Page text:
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Submitted by Scott Cleland on Mon, 2007-04-23 11:02
It is very interesting and ironic that when Former FCC Chairman Reed Hundt was at the FCC he strongly advocated that "Spectrum Flexibility will Promote Competition and the Public Interest" in an article in IEEE magazine with Greg Rosston in the December 1995 issue.
While I often disagreed with then FCC Chairman Hundt when he diverted from promoting market-based competition by picking winners and losers through hyper-regulation, I must commend Mr. Hundt's logic and policy explained in detail in his IEEE monograph in 1995.
Ironically now, Mr. Hundt would financially benefit greatly, if the FCC rigs the 700 MHz auction to lower the value spectrum by requiring a license holder agree to net neutrality.
The primary impetus behind the 1993 Democratic Congress that passed the law requiring spectrum auctions is that the taxpayer was routinely being fleeced by the FCC granting spectrum by other processes than auctions.
Submitted by Scott Cleland on Wed, 2007-04-18 10:42
After almost a year of opposing quotes in articles on net neutrality, the NAM weekly radio show/podcast on business, finally afforded me the opportunity to debate Craig Newmark, the famous founder of Craig's List, one-on-one live.While
I said I was happy to discuss my current and past views with him because it was a tacit concession by him that the net neutrality side of the debate cannot win this debate on the merits and that their best chance is attacks on me as a leading spokesperson for the broadband sector on why the Internet should not be regulated.
Submitted by Scott Cleland on Tue, 2007-04-17 19:07
The people who still argue that the Internet is "neutral" have some explaining to do.
I feel kinda bad that all those well-intentioned people that fell for the original slogan of "net neutrality" were suckered into assuming the Internet was "neutral" and needed to stay that way.
Submitted by Scott Cleland on Fri, 2007-04-13 12:52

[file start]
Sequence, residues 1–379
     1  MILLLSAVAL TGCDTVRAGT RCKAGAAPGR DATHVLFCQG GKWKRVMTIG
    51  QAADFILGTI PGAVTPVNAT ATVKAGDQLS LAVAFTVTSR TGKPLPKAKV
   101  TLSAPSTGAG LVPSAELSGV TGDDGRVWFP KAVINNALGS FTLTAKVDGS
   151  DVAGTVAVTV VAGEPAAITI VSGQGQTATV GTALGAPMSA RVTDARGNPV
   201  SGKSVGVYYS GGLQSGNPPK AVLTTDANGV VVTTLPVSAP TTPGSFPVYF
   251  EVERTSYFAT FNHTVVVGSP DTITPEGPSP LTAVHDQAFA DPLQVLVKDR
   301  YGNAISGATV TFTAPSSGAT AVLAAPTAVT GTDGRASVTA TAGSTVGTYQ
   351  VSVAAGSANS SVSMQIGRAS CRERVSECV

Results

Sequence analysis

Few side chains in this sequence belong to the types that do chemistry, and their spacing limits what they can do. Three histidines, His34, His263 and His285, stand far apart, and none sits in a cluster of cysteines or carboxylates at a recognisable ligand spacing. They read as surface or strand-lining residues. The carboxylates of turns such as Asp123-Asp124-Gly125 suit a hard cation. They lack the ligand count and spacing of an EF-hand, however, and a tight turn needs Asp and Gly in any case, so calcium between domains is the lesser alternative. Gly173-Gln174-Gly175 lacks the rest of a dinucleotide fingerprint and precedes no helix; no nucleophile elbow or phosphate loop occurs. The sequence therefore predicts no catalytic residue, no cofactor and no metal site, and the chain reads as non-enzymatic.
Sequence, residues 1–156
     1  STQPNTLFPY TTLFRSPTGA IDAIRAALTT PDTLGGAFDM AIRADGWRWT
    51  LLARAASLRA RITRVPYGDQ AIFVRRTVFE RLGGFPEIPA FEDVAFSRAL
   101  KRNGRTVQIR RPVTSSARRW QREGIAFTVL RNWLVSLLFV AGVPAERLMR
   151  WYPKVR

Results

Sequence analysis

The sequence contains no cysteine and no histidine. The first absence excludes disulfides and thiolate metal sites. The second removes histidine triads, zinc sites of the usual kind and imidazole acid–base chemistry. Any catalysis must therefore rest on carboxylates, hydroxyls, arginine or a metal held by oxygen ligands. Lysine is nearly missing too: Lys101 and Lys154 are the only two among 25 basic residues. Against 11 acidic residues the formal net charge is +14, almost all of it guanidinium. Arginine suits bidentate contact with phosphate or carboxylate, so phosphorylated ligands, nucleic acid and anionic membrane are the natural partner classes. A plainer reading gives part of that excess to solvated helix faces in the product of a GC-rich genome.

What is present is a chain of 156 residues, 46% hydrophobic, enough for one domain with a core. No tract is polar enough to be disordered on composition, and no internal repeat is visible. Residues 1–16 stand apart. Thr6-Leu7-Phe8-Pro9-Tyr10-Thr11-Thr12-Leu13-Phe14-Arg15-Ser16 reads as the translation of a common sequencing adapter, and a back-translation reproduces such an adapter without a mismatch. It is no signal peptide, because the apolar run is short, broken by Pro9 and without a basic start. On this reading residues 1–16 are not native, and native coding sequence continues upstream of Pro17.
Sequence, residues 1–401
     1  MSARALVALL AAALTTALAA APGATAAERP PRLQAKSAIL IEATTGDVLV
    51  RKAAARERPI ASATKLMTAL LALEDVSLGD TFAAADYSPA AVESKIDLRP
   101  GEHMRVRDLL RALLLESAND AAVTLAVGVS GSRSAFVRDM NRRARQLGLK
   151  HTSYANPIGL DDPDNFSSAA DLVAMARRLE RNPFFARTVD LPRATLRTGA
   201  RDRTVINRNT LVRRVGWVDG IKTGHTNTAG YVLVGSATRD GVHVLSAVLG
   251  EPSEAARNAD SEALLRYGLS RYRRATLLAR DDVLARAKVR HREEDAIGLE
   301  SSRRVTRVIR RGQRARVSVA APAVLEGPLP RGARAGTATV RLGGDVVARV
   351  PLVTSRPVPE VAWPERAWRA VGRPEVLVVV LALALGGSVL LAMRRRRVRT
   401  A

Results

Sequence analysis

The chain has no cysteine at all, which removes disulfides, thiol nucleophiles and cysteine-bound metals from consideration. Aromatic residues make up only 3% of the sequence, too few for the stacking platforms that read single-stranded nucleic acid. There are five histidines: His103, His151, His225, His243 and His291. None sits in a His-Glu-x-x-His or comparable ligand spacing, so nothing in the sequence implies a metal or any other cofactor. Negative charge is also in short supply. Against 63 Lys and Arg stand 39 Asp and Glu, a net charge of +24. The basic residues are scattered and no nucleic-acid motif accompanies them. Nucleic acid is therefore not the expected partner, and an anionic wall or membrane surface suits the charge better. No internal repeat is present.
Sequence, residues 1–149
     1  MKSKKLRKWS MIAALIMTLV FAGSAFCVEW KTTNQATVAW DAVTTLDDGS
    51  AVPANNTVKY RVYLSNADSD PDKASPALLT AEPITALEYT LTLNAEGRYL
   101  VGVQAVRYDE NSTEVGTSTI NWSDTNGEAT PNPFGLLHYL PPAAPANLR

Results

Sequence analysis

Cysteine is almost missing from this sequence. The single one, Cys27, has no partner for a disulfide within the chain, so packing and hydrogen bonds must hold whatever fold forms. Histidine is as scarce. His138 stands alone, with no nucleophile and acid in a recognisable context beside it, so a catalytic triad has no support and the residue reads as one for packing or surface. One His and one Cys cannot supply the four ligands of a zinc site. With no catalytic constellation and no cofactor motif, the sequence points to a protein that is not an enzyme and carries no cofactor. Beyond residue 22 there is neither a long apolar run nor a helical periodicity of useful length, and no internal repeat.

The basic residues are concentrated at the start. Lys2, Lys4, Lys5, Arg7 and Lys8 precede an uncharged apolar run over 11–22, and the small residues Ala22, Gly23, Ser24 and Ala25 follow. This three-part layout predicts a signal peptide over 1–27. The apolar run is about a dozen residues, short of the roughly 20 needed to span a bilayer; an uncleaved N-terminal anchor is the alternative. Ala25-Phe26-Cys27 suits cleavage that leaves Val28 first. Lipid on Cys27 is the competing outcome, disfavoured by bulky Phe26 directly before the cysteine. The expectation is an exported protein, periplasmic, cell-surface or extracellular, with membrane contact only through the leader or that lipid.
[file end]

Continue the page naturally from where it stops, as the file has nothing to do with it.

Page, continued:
MultiChannel News has a great write up of a tough speech on net neutrality by David Cohen, Executive Vice President of Comcast.
Kudos to Mr. Cohen for taking the gloves off and saying what needs to be said.
Submitted by Scott Cleland on Thu, 2007-04-12 14:11
As we recently modified and updated the Netcompetition website to make it even easier to use and work with, we decided to take the little ant fable flash on net neutrality we produced, and that has been exclusively on our site for awhile, and post it to YouTube in order to broaden the audience.
It's only a 1 minute 40 second flash.
Submitted by Scott Cleland on Thu, 2007-04-12 13:52
The bottom line here is that net neutrality is all about unsubstantiated allegations of problems.
Submitted by Scott Cleland on Wed, 2007-04-11 13:21
Moveon.org's SaveTheInternet blog is touting Democratic Presidential Candidate John Edwards' recent comments supporting net neutrality.
We all know politics is often driven by fear and by creating boogeymen where none really exist -- and at that, Moveon.org is a master.
Submitted by Scott Cleland on Mon, 2007-04-09 19:57
In one of my recent Internet searches I came accross a very interesting historical article that appears to predate Moveon.org's creation of SaveTheInternet to promote so called "net neutrality."
The article in the NYT from fourteen months ago in February of 2006 called "Plan for fees on some emails spurs protest" show that Moveon.org is no different than any other special interest in looking out for themselves.
When you connect the dots of when all this was occurring -- it is pretty clear that while Moveon.org and consumer groups claimed to be saving the Internet -- they were really asking for self-serving special interest legislation, which would protect them from paying a more market-based-rate for their emailings -- which have to be among the largest bulk emails in the country.
How Moveon.org was able to mobilize so many groups is that they played to their fears that they all might have to pay more in the future because in a market-based system they might have to pay for what they use.
What annoys me is that they call broadband companies self-serving, but they are no different.
Submitted by Scott Cleland on Mon, 2007-04-09 19:21
It seems that more folks have Google's "number."
It seems Google is learning the lesson the hard way -- that those in glass houses should not throw stones.
Submitted by Scott Cleland on Mon, 2007-04-09 10:40
Seems Google CEO Eric Scmidt is having his own "Nixonian" moment in a very informative interview in Business Week which accompanied the recent Business Week cover story: "Is Google too Powerful?"
Let me expose as bogus, Mr Schmidt's core defense of why Google is not too dominant.